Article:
SACRAMENTO, Calif. (AP) – When Emily Brown, a Kansas City mom, couldn’t find food her 2-year-old with multiple food allergies could eat at a local pantry, she found the courage to ask questions about gluten. free food or dairy substitutes.
The response: “You have something.
The only things her daughter could eat were potatoes and salsa.
“It took me, really, all of my strength to get to the car,” she said. “I cried in the car and then I was like, ‘We can’t be the only family, I can’t be the only mother struggling with this.’
For the millions of Americans newly faced with food insecurity during the pandemic, a particular crisis hits those with food allergies and intolerances: Most charity and government food programs offer limited options.
While some pantries maintain gluten-free shelves or post information on allergens, most have been forced to limit customer choices in the past year, turning instead to contactless models where customers drive by car. and take a pre-made food bag.
“Everyone deserves an equal chance to choose their own foods,” said Carla Carter, director of outreach and programming at the National Coeliac Association. But, she said, “COVID drastically changed that to, ‘Here’s a box of food, good luck. “
Those who sign up for government assistance face similar problems. The program for women, infants and children – known as WIC – offers a substitute for peanut butter: these are beans, not really useful for making sandwiches. Soy milk is a substitute for cow’s milk, but some people, like Brown’s child, can’t have it either.
Food stamps, or SNAPs, allow families to choose what to buy, but specialty foods – like gluten-free bread or sunflower seed butter – are often much more expensive. In some stores, the latter costs three times as much as branded peanut butter, gluten-free flour costs four times a standard bag, and even the cheapest milk alternatives are often double the price.
Feeding America, the country’s largest anti-hunger organization, has not collected data on the overlap between hunger and food allergies or intolerances. But it’s likely that millions of food-insecure Americans face limits on what they can eat. An estimated 32 million people have a food allergy, and 85 million people live in a household where someone has a food allergy or intolerance, according to Food Allergy Research & Education, which advocates for people with allergies. About 1% of people are diagnosed with celiac disease, which means they can’t consume gluten, and about 6% of people have non-celiac gluten sensitivity, Carter said.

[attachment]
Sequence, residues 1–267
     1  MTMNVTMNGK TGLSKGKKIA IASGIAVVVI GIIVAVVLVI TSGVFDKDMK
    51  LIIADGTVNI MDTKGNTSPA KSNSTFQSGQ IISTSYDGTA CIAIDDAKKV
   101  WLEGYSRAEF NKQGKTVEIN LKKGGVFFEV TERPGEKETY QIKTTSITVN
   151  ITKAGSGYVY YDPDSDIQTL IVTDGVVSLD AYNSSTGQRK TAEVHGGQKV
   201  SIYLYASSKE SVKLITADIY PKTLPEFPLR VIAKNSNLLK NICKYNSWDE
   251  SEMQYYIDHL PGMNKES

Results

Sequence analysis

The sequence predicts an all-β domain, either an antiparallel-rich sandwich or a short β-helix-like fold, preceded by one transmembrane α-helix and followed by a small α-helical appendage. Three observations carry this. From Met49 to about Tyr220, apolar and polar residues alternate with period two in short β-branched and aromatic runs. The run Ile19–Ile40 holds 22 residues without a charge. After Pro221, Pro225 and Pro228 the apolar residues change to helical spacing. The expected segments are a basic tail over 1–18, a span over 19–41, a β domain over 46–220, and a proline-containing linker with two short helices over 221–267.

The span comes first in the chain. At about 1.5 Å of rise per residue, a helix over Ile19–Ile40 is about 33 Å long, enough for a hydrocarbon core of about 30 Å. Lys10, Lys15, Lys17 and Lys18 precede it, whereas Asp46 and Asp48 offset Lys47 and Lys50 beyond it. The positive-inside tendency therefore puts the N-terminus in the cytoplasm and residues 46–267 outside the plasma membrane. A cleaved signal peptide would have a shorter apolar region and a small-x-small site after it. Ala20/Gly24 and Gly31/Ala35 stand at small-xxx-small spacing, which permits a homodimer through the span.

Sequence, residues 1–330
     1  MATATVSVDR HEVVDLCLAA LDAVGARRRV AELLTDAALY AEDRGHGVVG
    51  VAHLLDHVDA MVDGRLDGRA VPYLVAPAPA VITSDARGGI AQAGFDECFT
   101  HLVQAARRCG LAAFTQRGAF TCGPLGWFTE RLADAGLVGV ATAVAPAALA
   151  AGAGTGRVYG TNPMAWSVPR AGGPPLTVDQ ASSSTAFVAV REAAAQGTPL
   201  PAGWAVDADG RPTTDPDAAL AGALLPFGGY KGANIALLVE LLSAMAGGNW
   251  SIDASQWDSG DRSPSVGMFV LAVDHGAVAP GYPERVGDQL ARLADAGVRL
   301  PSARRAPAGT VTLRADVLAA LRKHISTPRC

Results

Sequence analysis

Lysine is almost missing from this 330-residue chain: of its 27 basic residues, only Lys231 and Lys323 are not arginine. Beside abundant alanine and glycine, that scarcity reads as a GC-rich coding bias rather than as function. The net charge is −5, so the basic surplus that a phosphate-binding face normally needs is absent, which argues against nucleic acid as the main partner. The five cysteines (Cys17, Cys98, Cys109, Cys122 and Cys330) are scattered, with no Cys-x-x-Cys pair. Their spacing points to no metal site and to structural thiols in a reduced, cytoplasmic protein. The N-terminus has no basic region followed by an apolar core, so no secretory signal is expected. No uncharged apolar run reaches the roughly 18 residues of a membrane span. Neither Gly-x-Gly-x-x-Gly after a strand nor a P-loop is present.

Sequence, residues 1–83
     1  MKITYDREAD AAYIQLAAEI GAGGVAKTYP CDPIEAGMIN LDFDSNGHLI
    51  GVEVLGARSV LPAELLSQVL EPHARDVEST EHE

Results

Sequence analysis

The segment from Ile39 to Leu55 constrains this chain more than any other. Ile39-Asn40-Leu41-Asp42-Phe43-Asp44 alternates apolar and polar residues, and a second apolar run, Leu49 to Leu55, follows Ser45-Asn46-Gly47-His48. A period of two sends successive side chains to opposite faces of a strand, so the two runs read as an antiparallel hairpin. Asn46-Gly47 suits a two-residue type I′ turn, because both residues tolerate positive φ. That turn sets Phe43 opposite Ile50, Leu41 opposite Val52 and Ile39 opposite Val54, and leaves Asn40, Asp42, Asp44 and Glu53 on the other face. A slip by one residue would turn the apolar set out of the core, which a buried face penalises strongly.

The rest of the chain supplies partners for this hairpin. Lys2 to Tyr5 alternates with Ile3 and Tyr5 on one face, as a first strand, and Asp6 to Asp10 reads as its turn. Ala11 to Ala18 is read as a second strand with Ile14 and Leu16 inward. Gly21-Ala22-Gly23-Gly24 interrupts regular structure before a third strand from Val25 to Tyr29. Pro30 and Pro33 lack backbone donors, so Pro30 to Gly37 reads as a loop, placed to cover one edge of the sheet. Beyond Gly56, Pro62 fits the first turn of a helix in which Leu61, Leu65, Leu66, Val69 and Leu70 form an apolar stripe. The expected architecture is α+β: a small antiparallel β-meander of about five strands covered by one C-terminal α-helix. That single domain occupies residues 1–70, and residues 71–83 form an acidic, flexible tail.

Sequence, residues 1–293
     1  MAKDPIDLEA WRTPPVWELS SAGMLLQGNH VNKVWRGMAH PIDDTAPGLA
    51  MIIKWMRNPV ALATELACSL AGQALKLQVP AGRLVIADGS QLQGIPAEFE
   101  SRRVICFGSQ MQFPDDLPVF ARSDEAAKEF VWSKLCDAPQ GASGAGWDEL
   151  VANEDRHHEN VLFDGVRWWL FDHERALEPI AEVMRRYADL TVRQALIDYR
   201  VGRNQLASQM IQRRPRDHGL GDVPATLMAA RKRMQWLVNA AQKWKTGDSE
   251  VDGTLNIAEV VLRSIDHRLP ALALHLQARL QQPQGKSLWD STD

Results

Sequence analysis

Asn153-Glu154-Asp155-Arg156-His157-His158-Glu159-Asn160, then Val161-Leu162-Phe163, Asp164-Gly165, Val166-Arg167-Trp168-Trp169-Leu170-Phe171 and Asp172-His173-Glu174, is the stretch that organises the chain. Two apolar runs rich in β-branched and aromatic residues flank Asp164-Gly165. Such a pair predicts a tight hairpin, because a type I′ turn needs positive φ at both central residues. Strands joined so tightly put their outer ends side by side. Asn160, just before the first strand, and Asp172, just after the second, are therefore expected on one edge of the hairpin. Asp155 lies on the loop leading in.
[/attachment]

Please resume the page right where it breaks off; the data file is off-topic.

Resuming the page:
Eight years after her pantry experience, Brown is now one of the few people to lead a program dedicated to helping allergy and intolerant people access safe food.
Brown’s nonprofit, the Food Equality Initiative, serves around 200 families with celiac disease or food allergies, providing them with $ 150 a month to use in an online marketplace with allergy-free foods. Some of its clients use the benefit to supplement government assistance programs.
Dietitian Kate Scarlata is among advocates trying to change the discourse on food insecurity by promoting what she calls a more dignified approach. She specializes in irritable bowel syndrome, which can cause upset stomach, diarrhea and constipation when people consume certain foods, including garlic and onion, ingredients found in many products for a long time. preservation like sauces and soups.
She launched a pantry tour in April to raise awareness, and found that many of those she visited did not ask people if they had any intolerances or special dietary needs.
Charitable food programs can start with a few simple questions, she said, “Are you on a special diet? Are there any foods that bother you? “
Brown, meanwhile, works with Drs. Ruchi Gupta and Lucy Bilaver of the Center for Food Allergy & Asthma Research at Northwestern University to collect better information on the number of allergy sufferers who are food insecure, as there is no comprehensive data.
“The challenge we have is that the way we approach food insecurity and food programming here in the United States is so general,” Brown said.
As the risks of a pandemic decrease, advocates hope to see a return to the programs of choice of the client. This is the model Claudia Montenegro uses in her San Diego pantry, Porchlight Community Services, which is dedicated to serving people with food allergies.
In 2016, Montenegro struggled to afford allergen-free foods to cope with its gluten and dairy intolerance.
She and a few friends decided to pool their money so that they could buy in bulk and look for sales. Word of mouth grew and she soon distributed food from her front porch.
Today, Porchlight has grown into a full-fledged, volunteer-run pantry serving people with allergies to tree nuts, dairy, gluten and wheat, shellfish, eggs and soy, as well as people with diabetes.
Guests are asked to pay $ 35 per week if they can, but those who cannot pay are always welcome. Volunteers buy all the food themselves, and shoppers can choose from items like coconut yogurt, nut butters, lactose-free milk and gluten-free flour.
Elizabeth Shoemaker turned to Porchlight during the pandemic, after a hip replacement caused her to lose her job, her relationship and her place to live. At one point, his food aid payments went from $ 200 to $ 20. She developed a gluten intolerance but struggled to afford gluten-free products until she found Porchlight, provided her with some and taken care of her death mainly based on vegetables.
She can’t afford the fees, so she volunteers in the pantry.
“I now know that I can count on them next week so I don’t have to hoard food,” she said.